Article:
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to find it hilarious that my daughter is ranked lowest in class for her accent by her language tutor?

(205 Posts)
WestieMamma Mon 02-Sep-13 10:33:18

She is outraged. I can't stop laughing. She's just started training to be an English teacher here in Sweden. Her tutor says she has the worst, least authentic accent in the class, despite being one of the only native English speakers grin.

The top ranked is the other native speaker. He's a geordie. Apparently the fact that none of the Swedes can understand a word he says doesn't matter, it's the fact that he's consistent grin.

lljkk Netherlands Wed 04-Sep-13 10:37:54

lol, I'm a native English speaker with like a million words published in English so my English skills should be fairly reasonable. But lots of times I don't understand spoken English from certain accents. I sometimes think I have a mild dose of that APD thing (Audio Processing Disorder).

Some Spanish-language accents I'm fine at & others throw me completely, too. It's all down to lack of practice, I suppose. hence why I think diversity is a Good thing.

I'm about to go to a pan-European conference in English and I will literally be the ONLY native English speaker there. That should be interesting! I make a huge effort in emails to not use idioms and sometimes actively pigeon up my words.

Thumbwitch Wed 04-Sep-13 11:26:18

I like the idea, Toys! grin

I do know British people who claim to be unable to understand other regional UK accents. I don't think it's just forriners who have trouble with it, it's sometimes people who CBA to listen, and sometimes people who can't cope with another accent at speed.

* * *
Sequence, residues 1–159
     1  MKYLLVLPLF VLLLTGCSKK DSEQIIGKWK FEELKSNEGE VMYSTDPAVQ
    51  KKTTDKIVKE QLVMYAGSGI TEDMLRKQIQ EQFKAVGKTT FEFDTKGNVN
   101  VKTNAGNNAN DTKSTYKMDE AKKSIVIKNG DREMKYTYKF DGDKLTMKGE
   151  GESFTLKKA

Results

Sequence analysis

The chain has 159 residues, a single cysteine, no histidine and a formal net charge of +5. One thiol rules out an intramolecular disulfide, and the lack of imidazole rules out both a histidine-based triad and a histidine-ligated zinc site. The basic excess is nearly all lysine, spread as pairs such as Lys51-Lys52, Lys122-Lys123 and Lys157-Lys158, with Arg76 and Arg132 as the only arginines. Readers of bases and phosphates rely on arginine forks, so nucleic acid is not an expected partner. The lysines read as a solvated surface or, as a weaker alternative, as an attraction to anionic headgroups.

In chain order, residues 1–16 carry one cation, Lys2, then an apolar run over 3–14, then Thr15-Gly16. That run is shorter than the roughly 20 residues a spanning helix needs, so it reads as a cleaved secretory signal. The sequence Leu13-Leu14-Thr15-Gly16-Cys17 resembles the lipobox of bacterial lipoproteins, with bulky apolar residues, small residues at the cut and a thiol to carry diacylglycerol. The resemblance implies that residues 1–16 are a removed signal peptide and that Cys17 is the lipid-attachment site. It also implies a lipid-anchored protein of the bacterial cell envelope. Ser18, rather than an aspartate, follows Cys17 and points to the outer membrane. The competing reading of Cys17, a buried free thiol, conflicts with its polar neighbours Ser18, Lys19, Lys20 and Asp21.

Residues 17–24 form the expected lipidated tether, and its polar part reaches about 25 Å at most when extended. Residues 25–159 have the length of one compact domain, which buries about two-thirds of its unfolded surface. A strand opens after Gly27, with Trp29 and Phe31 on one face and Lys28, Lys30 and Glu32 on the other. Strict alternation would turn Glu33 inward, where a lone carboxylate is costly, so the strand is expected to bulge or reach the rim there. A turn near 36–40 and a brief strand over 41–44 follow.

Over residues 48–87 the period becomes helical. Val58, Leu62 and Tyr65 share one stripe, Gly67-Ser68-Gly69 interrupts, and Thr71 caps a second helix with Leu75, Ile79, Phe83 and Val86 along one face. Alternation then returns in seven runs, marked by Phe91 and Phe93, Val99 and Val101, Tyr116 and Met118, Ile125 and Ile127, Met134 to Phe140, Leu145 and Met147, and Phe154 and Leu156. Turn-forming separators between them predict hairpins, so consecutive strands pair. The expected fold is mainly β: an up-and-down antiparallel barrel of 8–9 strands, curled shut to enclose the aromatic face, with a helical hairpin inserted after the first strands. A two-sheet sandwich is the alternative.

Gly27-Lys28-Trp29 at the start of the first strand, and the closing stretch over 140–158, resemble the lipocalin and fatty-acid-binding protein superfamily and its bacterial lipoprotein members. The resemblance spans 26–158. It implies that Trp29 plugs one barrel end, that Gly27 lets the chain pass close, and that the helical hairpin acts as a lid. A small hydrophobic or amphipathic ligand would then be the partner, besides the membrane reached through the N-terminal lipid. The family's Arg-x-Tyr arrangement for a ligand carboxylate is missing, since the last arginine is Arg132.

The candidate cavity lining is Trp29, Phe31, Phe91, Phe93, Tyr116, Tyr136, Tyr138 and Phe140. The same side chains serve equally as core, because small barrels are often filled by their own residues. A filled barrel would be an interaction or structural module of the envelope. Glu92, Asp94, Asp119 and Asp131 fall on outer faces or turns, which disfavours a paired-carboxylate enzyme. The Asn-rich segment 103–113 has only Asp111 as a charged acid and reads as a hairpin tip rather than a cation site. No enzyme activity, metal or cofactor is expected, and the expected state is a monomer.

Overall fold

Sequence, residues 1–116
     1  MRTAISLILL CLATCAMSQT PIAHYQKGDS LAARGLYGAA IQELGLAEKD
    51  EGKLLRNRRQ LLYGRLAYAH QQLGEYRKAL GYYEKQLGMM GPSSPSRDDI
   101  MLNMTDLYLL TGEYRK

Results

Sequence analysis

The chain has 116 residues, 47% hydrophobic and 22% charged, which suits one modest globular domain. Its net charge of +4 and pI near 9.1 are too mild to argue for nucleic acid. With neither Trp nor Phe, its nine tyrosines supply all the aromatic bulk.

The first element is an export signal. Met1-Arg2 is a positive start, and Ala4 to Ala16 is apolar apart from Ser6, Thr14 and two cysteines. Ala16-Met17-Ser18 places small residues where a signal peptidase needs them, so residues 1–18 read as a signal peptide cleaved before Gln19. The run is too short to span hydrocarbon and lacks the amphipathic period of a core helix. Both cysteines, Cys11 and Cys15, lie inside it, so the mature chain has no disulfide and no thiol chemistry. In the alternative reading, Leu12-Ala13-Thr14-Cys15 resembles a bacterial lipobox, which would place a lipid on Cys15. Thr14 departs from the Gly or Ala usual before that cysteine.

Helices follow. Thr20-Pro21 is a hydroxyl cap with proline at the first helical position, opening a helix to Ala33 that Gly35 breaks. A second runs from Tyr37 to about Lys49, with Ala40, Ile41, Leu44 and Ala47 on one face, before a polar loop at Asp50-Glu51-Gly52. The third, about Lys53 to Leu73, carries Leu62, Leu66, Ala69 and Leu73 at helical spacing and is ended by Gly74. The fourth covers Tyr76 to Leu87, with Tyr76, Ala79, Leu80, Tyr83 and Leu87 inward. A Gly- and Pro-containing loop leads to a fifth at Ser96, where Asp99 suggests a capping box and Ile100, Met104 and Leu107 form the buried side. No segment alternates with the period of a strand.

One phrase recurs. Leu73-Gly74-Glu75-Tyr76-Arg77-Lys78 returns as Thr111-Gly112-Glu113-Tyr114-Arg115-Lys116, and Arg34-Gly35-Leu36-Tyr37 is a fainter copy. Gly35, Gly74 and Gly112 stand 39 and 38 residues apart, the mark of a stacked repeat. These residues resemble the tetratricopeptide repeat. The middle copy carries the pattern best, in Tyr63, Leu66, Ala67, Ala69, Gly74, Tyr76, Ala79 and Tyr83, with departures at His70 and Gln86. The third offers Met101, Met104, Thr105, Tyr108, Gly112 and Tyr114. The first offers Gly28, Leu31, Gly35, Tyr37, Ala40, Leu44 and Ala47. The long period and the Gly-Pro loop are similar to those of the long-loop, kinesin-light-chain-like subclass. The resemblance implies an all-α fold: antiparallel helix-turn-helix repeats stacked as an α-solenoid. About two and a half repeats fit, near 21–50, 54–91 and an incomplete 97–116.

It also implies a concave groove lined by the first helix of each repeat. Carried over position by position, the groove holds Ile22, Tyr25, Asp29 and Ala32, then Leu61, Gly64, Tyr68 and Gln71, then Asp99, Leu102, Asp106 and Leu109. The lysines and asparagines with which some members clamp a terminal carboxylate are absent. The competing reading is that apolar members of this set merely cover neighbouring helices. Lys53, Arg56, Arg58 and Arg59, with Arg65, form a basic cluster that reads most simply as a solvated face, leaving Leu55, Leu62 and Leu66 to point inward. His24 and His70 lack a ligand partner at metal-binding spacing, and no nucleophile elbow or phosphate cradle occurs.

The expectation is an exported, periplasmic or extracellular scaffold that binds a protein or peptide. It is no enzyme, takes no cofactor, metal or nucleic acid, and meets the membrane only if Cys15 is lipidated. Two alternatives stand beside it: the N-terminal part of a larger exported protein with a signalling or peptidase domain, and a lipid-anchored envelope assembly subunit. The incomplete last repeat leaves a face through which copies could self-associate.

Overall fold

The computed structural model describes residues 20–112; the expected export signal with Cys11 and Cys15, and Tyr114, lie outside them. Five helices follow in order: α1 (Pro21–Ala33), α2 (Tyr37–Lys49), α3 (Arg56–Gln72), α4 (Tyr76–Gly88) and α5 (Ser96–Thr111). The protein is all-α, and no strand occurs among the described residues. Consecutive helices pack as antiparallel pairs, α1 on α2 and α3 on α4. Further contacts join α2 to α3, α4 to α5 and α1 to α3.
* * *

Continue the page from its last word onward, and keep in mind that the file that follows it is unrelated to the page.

I have no problem coping with a broad Glaswegian accent, for e.g. - but plenty of my southern softie London friends reckon they can't understand it!

Thumbwitch Wed 04-Sep-13 11:27:20

Oops, should have read lljkk's post more closely before posting mine! Not heard of APD but I guess that might be what I was describing...

ToysRLuv Wed 04-Sep-13 14:19:03

Tehee, Thumb! Where shall we go? grin

I was very bad with my Chinese flatmate who had a tendency for talking in a Waybuloo kind of way.

ToysRLuv Wed 04-Sep-13 14:28:25

I felt really bad when I was working with youngsters and one of them (who I only talked to very occasionally) had a broad Glaswegian accent- I just could bot understand anything he was saying, however hard I tried. He wasn't in my group, luckily, because I was slightly terrified that he'd ask me something and then get annoyed because I asked him to repeat himself 20 times.. blush

I'm in a real melting pot of a city with a larger than usual proportion of English in Scotland. You tend to hear a range of accents, which are all fairly mild, so you never get to practice understanding the broad ones.

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